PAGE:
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THE prices of selected commodities in the world market decreased in the year ended February with the exception of the prices of sisal, tea at the Mombasa auction and gold.
The Central Bank latest report shows that on annual basis, all commodity prices kept the downward pace with the exception of gold and Arabica coffee.
During the period under review, the prices of white petroleum products declined to 514.6 US dollars per tonne compared to 570.5 US dollars per tonne in the preceding month.
The same pattern was observed in the crude oil prices, which declined to the lowest levels since October 2017 to 54.51 per barrel.
This comes as the spread of coronavirus outside of China resulted into weak global demand and output slowdown.
The economic impact of these measures has already led some economists to predict a crisis to follow that could rival the 2008 recession or worse.
Commodity markets are feeling the squeeze, as producers anticipate an economic downturn that could last for months or longer.
The weak performance of stock markets amid fear of coronavirus outbreak pushed the global price of gold to 1,597.1 US dollars per troy ounce in the year ended February from USD 1,560.7 per troy ounce in the preceding month.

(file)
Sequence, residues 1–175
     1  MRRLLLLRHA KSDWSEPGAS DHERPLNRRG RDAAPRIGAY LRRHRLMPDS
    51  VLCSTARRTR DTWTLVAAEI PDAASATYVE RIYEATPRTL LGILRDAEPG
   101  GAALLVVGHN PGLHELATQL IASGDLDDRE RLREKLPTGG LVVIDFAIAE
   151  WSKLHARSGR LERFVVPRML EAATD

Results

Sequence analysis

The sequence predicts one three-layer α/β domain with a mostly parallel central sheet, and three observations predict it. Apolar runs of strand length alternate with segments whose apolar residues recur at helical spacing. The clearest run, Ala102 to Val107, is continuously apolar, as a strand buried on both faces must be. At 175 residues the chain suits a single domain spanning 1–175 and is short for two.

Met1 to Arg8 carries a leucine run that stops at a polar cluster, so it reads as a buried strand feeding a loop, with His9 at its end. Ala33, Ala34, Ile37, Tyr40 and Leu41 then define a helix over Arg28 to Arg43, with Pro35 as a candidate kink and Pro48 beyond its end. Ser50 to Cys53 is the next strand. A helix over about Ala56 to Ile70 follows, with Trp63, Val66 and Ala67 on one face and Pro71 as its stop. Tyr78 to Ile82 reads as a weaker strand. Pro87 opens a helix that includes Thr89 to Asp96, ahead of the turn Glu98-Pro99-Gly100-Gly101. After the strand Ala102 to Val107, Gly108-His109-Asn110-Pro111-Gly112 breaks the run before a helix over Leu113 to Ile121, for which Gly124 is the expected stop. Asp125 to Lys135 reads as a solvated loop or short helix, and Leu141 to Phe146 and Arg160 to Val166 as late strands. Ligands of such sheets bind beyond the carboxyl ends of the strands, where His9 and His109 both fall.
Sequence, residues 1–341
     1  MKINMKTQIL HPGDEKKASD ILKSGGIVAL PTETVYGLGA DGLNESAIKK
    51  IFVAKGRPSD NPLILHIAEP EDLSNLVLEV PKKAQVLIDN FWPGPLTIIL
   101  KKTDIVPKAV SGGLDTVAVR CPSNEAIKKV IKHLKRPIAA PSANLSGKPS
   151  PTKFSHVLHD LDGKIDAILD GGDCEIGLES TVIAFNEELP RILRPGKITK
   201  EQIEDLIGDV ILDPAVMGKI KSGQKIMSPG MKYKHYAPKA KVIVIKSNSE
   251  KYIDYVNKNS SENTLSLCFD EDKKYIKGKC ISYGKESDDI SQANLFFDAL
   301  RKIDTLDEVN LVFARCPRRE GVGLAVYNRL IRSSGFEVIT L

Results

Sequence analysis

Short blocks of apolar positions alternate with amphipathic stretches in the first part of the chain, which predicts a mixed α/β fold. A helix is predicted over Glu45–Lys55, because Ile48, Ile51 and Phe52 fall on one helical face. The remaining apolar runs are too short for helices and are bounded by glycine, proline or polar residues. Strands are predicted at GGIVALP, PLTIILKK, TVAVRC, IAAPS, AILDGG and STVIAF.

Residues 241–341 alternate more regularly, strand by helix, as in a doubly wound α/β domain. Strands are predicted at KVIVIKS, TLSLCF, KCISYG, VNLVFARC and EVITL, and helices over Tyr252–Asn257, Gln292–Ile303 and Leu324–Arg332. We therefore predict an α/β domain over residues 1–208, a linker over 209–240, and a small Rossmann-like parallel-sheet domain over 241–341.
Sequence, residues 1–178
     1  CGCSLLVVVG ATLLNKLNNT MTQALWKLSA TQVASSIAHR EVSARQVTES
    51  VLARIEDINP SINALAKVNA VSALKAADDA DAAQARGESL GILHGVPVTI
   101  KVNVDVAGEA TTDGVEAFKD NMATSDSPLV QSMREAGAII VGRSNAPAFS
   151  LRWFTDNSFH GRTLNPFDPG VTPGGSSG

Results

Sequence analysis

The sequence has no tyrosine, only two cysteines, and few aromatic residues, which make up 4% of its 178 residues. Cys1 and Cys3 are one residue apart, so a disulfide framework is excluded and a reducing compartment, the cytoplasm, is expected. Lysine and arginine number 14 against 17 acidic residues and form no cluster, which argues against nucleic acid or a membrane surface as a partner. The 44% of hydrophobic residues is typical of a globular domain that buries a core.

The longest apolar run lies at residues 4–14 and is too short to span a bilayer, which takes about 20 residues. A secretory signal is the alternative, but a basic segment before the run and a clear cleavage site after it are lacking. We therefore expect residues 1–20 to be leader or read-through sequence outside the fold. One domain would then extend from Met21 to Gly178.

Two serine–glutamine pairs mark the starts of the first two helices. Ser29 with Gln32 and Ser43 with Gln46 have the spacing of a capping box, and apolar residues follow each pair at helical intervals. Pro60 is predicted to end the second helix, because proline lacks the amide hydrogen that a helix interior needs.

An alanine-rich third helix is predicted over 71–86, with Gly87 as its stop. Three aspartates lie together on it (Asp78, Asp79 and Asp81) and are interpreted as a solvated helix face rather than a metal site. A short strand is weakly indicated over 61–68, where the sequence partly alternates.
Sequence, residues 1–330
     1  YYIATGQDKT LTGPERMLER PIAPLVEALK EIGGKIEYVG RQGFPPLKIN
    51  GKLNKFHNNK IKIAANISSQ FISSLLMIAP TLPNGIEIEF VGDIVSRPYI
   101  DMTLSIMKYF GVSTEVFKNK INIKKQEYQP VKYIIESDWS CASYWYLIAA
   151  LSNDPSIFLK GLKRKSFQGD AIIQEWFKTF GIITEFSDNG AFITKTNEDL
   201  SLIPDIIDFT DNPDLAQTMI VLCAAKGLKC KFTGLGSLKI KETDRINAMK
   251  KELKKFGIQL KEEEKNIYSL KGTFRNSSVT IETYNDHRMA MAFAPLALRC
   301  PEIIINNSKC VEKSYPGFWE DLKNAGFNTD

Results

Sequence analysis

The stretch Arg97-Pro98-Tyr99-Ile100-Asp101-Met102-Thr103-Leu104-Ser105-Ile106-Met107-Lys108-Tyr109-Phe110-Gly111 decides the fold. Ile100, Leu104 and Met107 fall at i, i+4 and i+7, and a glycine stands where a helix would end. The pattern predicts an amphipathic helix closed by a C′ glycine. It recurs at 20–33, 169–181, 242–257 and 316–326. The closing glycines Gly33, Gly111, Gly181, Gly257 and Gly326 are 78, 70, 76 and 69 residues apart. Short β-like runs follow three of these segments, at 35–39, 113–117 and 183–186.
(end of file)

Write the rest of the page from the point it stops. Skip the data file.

“The increase in global price for gold was due to weak performance of stock markets amid coronavirus fears which in turn resulted into investors rushing to gold as a safe haven asset,” the Bank of Tanzania (BoT) said in its latest report.
In Tanzania, gold that accounted for 54.1 percent of non-traditional exports and increased by 33.5 percent to 2,252.9 million US dollars in the reference period from 1,688.2 million US dollars resulting from increase in volume and unit price.
The increase in volume of exported gold is partly associated with continued government initiatives to develop domestic markets for minerals.
The falling prices of both crude oil and white products were largely attributed by the decline in global oil demand. The decline in Robusta coffee, cloves and cotton prices is partly explained by increase in global supply amidst low global demand.
Across the world, countries have shut down that severe restrictions on movement and commercial activity inside their borders will slow the spread of the disease.